Breakout Discussions

Tuesday, March 12, 2019 • 5:00 - 6:00 pm • Exhibit Hall

These interactive discussion groups are open to all attendees, speakers, sponsors, & exhibitors. Participants choose a specific breakout discussion group to join. Each group has a moderator to ensure focused discussions around key issues within the topic. This format allows participants to meet potential collaborators, share examples from their work, vet ideas with peers, and be part of a group problem-solving endeavor. The discussions provide an informal exchange of ideas and are not meant to be a corporate or specific product discussion. The list of topics below span Tri-Con’s three Channels: Molecular Dx & Digital Health, Liquid Biopsy & Immuno-Oncology, and Bio-IT World West.

Table 31
Target Identification from Omic Data

Zhongming Zhao, PhD, Professor and Director, Center for Precision Health, School of Biomedical Informatics, University of Texas Health Science Center at Houston

  • Target identification and validation using genomics and genetics
  • Using clinical transcriptomics-based generation of disease signatures, and their application in drug discovery
  • Clinical trial-derived data for discovery

Table 32
Machine Learning for Data Driven Drug Discovery

Renee Deehan Kenney, Vice President, Computational Biology, PatientsLikeMe

Pankaj Agarwal, PhD, FRSB, Senior Fellow & Senior Director, Computational Biology, RD Target Sciences, GSK

  • What are the biggest challenges we are facing in the application of machine-learning to omics data?
  • How are researchers applying prior knowledge to solve this problem?
  • How are researchers applying purely data-driven approaches to select features?

Table 33
Practical Machine Learning in Industry

Patryk Laurent, PhD, Director of Emerging Technology, Office of the CTO, DMGT plc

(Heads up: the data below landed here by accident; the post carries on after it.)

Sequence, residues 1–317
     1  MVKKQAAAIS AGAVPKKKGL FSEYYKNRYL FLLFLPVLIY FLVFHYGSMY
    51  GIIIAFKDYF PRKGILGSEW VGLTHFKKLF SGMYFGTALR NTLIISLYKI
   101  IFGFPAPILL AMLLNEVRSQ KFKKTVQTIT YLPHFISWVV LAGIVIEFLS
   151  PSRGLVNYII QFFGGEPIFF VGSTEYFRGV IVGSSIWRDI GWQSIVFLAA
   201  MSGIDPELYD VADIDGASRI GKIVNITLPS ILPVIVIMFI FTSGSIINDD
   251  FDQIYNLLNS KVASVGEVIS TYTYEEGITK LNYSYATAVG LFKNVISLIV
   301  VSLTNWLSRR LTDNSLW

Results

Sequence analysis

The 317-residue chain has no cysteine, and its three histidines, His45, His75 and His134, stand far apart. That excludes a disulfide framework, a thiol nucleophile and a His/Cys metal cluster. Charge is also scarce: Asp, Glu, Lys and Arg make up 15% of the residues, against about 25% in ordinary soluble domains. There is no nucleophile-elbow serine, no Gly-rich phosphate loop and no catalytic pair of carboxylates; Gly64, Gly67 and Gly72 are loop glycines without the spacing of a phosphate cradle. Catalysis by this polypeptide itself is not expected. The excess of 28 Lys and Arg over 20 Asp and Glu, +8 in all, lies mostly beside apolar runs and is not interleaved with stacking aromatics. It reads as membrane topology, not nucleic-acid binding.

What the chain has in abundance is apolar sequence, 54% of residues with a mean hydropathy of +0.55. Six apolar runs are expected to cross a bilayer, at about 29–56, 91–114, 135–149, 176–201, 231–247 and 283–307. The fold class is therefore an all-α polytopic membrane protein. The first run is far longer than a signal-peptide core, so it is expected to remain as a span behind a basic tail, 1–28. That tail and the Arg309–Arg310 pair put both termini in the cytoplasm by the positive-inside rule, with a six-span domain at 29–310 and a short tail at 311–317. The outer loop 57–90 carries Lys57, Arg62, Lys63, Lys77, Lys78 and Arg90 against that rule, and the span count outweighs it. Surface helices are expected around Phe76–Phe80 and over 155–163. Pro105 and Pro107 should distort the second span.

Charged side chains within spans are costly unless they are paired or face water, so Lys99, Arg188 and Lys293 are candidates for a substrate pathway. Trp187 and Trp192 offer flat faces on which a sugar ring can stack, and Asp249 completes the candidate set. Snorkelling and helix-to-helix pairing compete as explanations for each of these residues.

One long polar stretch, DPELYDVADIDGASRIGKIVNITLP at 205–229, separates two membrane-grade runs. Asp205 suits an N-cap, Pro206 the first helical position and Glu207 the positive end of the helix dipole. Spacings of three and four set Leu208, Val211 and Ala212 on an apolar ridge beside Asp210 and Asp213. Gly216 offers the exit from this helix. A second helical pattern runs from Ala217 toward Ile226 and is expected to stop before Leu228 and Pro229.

• Accessibility of machine learning hardware, software, and expertise
  • How to assess if machine learning will succeed or fail on your problem
  • Workflows for data scientists: what works, what remains a challenge

Table 35

Diversity and Inclusion in Bio-IT

Tanya Cashorali, CEO, Founder, TCB Analytics

Lisa Dahm, PhD, Director, Enterprise Data & Analytics, UC Irvine Health Information Services; Associate Director, Center for Biomedical Informatics, Institute for Clinical and Translational Sciences; Director, UC Health Data Warehouse, Center for Data Driven Insight, UC Health, University of California, Irvine

Chris Dwan, Senior Technologist and Independent Life Sciences Consultant

Ruchi Munshi, Product Manager, Data Sciences Platform, The Broad Institute

  • Useful practices for people at all levels and roles in an organization
  • Today’s major challenges
  • Measurable goals and aspirations
  • Role models and resources

Table 1
Data-Driven Diagnostics

Bryan Cobb, Partner Lead, Diagnostics Information Solutions, Roche Mark Nunes, MD, Division Chief, Medical Genetics, Kaiser Permanente

  • Advanced analytics for integrative diagnostics
  • Advanced analytics and AI for genomics applications
  • The Learning Healthcare System/RWD to enable precision medicine